6 Responses to Let the EPA do its job to protect our health
Senators should vote against amendments that halt agency’s efforts to reduce air pollution
You can watch the debates in the House and Senate right now on efforts to block EPA’s effort to control carbon dioxide pollution on C-SPAN.
The Center for American Progress Action Fund urges a “no” vote on the Baucus Amendment #236, Stabenow Amendment #277, Rockefeller amendment #215, and McConnell amendment #183, which were offered to the SBIR/STTR Reauthorization Act of 2011, S. 493.
Each of these amendments will halt the Environmental Protection Agency’s efforts to clean up health-threatening carbon dioxide pollution under the Clean Air Act as decided by the Supreme Court.
The Senate should oppose efforts to block protection of public health from threats posed by carbon dioxide pollution. Preventing the EPA from doing its job will risk the health of children, seniors, and those suffering from respiratory ailments. These amendments would also discourage investments in innovative clean energy technologies.
- The public believes the EPA should do more, not less, to support the Clean Air Act. A February 2011 bipartisan poll fou
- nd that “69 percent think the EPA should update Clean Air Act standards with stricter limits on air pollution.” Unions and more than 500 nongovernmental organizations oppose this antipublic health proposal.
- Delaying or eliminating the EPA’s authority to clean up carbon dioxide pollution will harm our health, which is why similar amendments restricting EPA authority were opposed by the major public health protection organizations, including the American Lung Association, American Public Health Association, and many others. The American Medical Association recently wrote:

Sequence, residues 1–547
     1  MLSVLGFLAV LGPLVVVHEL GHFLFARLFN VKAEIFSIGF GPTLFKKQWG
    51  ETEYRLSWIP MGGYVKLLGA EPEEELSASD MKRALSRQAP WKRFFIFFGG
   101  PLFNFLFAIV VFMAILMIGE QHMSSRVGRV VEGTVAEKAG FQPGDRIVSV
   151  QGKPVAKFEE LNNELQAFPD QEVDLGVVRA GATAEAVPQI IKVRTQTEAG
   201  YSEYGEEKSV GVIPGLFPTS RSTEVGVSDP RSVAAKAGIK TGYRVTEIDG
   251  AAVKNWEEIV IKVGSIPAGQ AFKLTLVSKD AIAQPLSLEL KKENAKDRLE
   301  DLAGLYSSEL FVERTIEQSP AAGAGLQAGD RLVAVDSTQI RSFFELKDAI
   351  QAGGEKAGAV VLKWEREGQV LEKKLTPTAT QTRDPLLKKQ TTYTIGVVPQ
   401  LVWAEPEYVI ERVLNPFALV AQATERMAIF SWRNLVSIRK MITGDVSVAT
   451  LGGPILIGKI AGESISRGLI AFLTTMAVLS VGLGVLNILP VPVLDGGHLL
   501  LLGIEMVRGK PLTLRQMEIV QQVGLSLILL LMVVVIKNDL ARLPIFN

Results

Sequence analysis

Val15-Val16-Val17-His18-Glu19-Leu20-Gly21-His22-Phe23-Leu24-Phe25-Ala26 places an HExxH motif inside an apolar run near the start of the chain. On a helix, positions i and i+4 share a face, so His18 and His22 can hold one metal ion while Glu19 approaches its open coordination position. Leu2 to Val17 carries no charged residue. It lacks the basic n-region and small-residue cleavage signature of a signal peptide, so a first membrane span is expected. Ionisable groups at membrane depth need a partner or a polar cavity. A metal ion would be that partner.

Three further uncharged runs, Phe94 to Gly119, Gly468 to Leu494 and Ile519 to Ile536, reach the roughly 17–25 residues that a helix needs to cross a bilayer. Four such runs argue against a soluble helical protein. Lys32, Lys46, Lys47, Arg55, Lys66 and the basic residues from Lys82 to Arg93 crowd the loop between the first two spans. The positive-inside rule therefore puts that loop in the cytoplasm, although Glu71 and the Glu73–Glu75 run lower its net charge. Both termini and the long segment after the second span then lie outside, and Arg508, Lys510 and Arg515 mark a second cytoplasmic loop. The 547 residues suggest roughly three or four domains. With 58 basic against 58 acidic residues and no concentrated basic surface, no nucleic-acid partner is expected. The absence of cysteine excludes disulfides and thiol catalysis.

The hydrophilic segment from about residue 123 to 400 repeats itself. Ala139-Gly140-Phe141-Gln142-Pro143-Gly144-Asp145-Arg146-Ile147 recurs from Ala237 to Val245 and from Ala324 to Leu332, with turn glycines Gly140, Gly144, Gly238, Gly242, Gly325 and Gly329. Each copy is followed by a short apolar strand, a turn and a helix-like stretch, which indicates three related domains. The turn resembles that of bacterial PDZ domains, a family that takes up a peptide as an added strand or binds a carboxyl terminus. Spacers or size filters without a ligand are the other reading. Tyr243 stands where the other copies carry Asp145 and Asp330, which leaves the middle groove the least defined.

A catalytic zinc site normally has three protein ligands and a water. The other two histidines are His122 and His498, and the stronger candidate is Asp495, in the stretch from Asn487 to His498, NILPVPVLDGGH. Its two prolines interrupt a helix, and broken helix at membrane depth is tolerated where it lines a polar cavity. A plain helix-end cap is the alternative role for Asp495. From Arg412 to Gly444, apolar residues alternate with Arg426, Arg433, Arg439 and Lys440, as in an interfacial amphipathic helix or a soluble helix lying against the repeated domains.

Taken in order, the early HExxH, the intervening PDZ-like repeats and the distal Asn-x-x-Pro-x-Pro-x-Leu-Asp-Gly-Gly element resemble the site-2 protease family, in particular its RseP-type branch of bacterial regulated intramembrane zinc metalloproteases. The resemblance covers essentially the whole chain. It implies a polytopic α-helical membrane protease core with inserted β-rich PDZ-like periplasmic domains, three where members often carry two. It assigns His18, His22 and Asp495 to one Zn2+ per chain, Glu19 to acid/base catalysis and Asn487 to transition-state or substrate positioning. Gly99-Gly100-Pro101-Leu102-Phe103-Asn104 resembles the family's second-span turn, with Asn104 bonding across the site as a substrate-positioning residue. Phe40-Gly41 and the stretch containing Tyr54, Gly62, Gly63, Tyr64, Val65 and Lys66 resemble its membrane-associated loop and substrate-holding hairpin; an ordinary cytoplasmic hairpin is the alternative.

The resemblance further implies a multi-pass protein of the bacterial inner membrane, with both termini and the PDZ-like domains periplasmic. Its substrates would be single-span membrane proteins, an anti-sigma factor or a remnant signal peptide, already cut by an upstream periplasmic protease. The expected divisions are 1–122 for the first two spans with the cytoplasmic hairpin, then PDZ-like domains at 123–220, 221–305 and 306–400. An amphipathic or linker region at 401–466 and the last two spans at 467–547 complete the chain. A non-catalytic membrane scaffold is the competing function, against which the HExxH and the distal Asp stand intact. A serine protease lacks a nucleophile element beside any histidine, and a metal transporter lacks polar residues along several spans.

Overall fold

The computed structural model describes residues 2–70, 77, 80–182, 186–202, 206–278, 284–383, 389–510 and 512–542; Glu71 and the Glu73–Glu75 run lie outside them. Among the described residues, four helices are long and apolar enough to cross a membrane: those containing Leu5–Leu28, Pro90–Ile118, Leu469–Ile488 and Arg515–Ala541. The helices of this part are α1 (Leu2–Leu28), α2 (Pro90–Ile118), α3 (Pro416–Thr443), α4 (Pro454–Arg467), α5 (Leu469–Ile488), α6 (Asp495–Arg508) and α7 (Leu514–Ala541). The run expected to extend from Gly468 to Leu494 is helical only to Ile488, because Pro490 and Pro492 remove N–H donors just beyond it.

Patients are presenting with illnesses that once happened only in warmer areas. Chronic conditions are becoming aggravated by more frequent and extended heat waves. Allergy and asthma seasons are getting longer. Spates of injuries are resulting from more intense ice storms and snowstorms.
- The Clean Air Act has protected thousands of lives and has generated real benefit to the economy. For every $1 of pollution reduction costs, we have seen an economic benefit of $20.
- Halting the EPA’s efforts will increase smog by failing to address a key contributor to global warming. 2010 was the hottest year on record, following the hottest decade on record, which is part of a 50-year trend. Uncontrolled large coal-fired power plants and oil refineries will add to the carbon dioxide pollution responsible for this warming. And warm temperatures are a key ingredient in smog formation. An interim assessment by the EPA found that there is “the potential for global climate change to make U.S. air quality management more difficult.”
- The EPA’s efforts to reduce carbon dioxide pollution will create jobs and boost innovation, which is why utility leaders from Exelon Corp., Constellation Energy Group, Calpine Corp, and PG&E, among others, oppose congressional efforts to delay Clean Air Act implementation. These business leaders wrote that:
[E]xperience complying with air quality regulations demonstrates that regulations can yield important economic benefits, including job creation, while maintaining reliability.
Senators should vote against the Baucus (#236), Stabenow (#277), Rockefeller (#215), and McConnell (#183) amendments, and instead allow the Environmental Protection Agency to continue to fulfill its responsibility to protect public health from carbon dioxide and other air pollutants.